Alaska, Mexico and Beyond…

“One Journey Leads to Another”

Archive for the tag “historical buildings”

Cee’s Fun Foto Challenge: Religious Buildings

Holy Assumption of the Virgin Mary Russian Orthodox Church

Built circa 1895 in Kenai, Alaska

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A sign next to this little building across the street reads:

Saint Nicholas Memorial Chapel
Built and Consecrated (1906) over the graves of
Igumen Nicholai (1810-1867) Makary Ivanov (1835-1878) and others.

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To view more photos from this challenge click here: http://ceenphotography.com/2015/04/07/cees-fun-foto-challenge-churches-or-any-religious-building-2/

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Tlacotalpan, Where is Everybody?

Tlacotalpan, Veracruz, is a small city with a population of almost 9,000. During the 24 hours we spent there, we saw probably less than 50. Where were they? Walking the streets was a bit eerie, as the streets of Mexican towns and cities are usually full of people walking, talking, eating, and laughing. Few stores or businesses were open.  Granted, the blustery gray day wasn’t the best for outdoor activities; apparently they were experiencing a “norte,” the local name for cold fronts from the north that dominate the weather from October to April. Still, I’ve never known a little cold to hamper socializing and shopping!

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UNESCO granted World Heritage Site status to Tlacotalpan in 1998 partly due to to its graceful  style of architecture.

Click on any photo in the gallery for a slideshow.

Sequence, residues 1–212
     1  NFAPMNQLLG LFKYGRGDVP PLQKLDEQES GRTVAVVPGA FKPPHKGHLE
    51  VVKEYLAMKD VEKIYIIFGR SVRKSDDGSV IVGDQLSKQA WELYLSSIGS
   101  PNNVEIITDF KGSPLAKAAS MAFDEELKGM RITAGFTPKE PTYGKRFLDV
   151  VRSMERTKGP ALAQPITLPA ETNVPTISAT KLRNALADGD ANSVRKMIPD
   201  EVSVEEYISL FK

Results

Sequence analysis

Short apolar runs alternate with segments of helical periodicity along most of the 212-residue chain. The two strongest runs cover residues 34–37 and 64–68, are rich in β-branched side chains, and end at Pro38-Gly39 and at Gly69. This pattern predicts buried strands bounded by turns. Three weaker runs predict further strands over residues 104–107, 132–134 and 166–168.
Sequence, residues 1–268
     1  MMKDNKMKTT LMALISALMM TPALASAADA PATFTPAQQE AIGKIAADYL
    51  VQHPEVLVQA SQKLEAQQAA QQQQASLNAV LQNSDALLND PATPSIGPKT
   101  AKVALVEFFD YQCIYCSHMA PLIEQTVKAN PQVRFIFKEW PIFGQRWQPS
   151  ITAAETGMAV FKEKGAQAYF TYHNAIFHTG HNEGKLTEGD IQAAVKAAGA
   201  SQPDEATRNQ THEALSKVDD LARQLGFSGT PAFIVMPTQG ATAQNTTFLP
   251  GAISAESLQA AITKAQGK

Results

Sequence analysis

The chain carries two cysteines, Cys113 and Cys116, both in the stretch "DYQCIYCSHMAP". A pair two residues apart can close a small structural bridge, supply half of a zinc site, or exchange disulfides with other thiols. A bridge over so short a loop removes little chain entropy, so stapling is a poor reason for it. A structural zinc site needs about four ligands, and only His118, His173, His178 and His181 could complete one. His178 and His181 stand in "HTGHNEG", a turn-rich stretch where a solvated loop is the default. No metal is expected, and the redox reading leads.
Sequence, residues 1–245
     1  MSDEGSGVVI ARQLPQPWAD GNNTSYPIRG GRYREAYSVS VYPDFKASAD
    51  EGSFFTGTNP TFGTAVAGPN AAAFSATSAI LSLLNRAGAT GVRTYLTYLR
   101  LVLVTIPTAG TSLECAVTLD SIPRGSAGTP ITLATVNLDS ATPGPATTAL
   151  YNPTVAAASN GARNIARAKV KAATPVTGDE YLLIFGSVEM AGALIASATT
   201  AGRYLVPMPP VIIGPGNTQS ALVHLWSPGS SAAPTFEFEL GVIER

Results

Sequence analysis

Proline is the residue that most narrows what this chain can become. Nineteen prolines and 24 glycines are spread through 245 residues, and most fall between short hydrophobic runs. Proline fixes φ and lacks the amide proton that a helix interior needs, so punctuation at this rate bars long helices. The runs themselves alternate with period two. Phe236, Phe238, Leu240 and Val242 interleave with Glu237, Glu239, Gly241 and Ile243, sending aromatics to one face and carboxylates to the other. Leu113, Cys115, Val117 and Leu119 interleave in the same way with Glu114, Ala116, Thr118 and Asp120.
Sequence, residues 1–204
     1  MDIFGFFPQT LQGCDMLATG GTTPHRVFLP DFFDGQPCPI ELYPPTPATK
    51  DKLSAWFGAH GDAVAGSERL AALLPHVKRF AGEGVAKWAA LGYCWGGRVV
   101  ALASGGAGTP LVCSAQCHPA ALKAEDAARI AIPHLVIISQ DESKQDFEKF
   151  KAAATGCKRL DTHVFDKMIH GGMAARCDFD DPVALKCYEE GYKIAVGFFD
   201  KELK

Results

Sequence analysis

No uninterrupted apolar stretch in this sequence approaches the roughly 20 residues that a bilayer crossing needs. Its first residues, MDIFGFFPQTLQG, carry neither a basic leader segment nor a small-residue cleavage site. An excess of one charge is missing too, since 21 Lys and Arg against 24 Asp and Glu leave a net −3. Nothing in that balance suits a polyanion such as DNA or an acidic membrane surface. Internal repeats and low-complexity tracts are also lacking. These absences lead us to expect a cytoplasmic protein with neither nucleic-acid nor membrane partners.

The reason for including colorful arches on the logo is obvious – and if your building doesn’t have arches just paint them on!

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A few hardy souls braved the brisk wind!

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We strolled the streets and enjoyed the artwork and other intriguing sights, but we never found a hot coffee nor a cold beer!

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Street scenes in tile decorated many park benches.

 

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Tlacotalpan is well known for its Feb. 2 festival “Our Lady of Candlemas.” If you are looking for action, I recommend visiting then. But you are welcome anytime!

Ruins of a Spanish Mine

Spread along the Rio Papaloapam, high in the Sierra Norte north of the city of Oaxaca, are the ruins of Spanish haciendas that were built and inhabited during the years of Spanish exploitation of the mineral riches of the area.

According to historical records, Cortés learned of the possible existence of gold and silver in the Sierras and immediately sent scouts in search of the minerals. They returned with the news that the mountains were indeed rich with gold and silver ore, and Cortés, ever the opportunist, claimed the entire Central Valley of Oaxaca for himself (year 1521). The Spaniards built the infrastructure needed for mining operations and constructed aqueducts, large haciendas, stone bridges, and a church. These remains are located deep in a lush valley near the villages of San Miguel Amatlán and Lachatao.

Hacienda Wall

Hacienda Wall

Click on any photo to enlarge it